Netizens have been left appalled by a Johor-area woman’s account of her sister’s struggles with stage 4 cancer — not to mention the bureaucracy surrounding her Employees Provident Fund (EPF) — after a post about their ordeal went viral over the weekend.
Nur Sheila Abdullah posted late Friday afternoon, describing her 56-year-old sister’s efforts to withdraw the money from her EPF account while bedridden with advanced-stage cancer.
Both Nur Sheila and her brother had gone to their local EPF office to try to find a solution that didn’t their very ill sister having to go down to the office herself to provide the necessary fingerprint to withdraw the cash from the EPF — a retirement fund of sorts for Malaysians. At the office she tried to rationalize with civil servants, asking if they might — under the very exceptional circumstances — make a house call to get her sister’s prints, but to no avail.
“EPF’s slogan is ‘Ready to Help’, but as I think back, is that slogan [even] right?” her post reads. “Or is it just to help healthy contributors? And if you are sick and [bedridden], please help yourself.”
“We asked them if they would be kind enough to make a home visit and take her fingerprints manually, as well as to verify any information they need, but their response was disheartening,” she continued.
“They said no and that it didn’t matter if she came in an ambulance or a stretcher, but she would still have to come down to the office to use their machine to take her fingerprint.”
After receiving the blunt ultimatum, Nur Sheila and her family arranged for just that: having an ambulance take her sister to the EPF building, where they allegedly didn’t even let the woman in the front door, asking the family to take the ambulance around back.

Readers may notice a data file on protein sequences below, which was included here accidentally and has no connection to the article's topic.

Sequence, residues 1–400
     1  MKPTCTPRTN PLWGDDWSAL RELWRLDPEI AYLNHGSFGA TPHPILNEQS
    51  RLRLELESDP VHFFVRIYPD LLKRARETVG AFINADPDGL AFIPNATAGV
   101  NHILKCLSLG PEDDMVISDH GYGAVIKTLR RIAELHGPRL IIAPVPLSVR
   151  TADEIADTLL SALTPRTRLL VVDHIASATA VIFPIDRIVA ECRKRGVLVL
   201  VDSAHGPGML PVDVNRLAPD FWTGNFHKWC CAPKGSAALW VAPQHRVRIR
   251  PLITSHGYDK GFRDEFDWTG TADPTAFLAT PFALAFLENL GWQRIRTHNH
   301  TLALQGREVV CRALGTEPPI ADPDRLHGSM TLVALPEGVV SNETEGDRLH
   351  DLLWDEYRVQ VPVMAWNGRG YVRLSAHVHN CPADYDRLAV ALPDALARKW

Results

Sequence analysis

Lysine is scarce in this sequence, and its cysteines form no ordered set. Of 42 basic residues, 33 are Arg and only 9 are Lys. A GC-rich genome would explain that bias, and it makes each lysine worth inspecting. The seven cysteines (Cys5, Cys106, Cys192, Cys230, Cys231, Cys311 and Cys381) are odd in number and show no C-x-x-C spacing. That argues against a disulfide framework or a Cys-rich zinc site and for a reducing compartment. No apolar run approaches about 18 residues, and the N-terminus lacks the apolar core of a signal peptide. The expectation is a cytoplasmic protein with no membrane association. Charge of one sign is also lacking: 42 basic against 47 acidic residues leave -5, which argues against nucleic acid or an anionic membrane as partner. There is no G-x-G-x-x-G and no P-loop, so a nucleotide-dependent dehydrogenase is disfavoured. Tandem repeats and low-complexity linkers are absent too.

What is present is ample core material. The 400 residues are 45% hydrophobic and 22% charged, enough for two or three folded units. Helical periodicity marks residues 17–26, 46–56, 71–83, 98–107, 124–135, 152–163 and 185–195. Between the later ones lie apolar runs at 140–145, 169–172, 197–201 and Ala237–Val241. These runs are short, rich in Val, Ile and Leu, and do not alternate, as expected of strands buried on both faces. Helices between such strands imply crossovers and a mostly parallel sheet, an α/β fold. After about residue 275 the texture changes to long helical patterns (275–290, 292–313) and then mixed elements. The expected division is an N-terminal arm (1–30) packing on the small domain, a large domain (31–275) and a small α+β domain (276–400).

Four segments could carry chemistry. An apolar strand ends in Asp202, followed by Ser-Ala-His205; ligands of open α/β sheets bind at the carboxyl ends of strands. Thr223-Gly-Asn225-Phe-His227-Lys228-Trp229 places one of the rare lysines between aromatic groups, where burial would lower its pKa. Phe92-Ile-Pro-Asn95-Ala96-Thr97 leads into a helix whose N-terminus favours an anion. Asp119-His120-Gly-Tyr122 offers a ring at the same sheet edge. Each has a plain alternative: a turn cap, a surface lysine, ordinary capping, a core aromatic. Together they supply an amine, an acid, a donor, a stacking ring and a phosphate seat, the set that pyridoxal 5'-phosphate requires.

Eventually an EPF officer came from inside and told them they could take the woman, who was now on a stretcher, inside the office, causing a commotion among other individuals who were there that day.
And, as if to add insult to inconvenience, another officer came to the woman and her family and allegedly explained that there was no need for them to have come in personally — the withdrawal could have been done from home, just with a longer wait.
“EPF really needs to review their Standard Operating Procedure (SOP), we live in a country that is democratic and somewhat advanced, we need to change the way we think about these kinds of things,” Nur Sheila concluded.
“It isn’t my intention to find fault but there has to be a change when it comes to convenience for all contributors in the future.”
Reactions to the post and photos were uniformly appalled at the unaccommodating nature of the EPF, with many wondering why no one could simply have gone to the ailing woman’s house.
“Instead of the bedridden patient having to come down to the office, why not the officers visit her home and see her condition? All you’d have to do is take a few photos as supporting documents for proof, taking it to this point is just nonsense,” one user wrote.
Kumpulan Wang Simpanan Pekerja (KWSP) ambil maklum mengenai berita yang sedang tular berkaitan pengalaman perkhidmatan…
After the initial post attracted thousands of shares and reactions, the EPF issued a statement via its own social media account apologizing for the incident and explaining that they are now reviewing their procedures when it comes to cases of a sensitive nature.
Probably a good idea, since these contributors facing life-threatening illnesses just want to get the cash that’s, y’know, actually theirs.
This article, Stage 4 cancer patient goes to EPF office in stretcher after being denied home visit, originally appeared on Coconuts, Asia's leading alternative media company. Want more Coconuts? Sign up for our newsletters!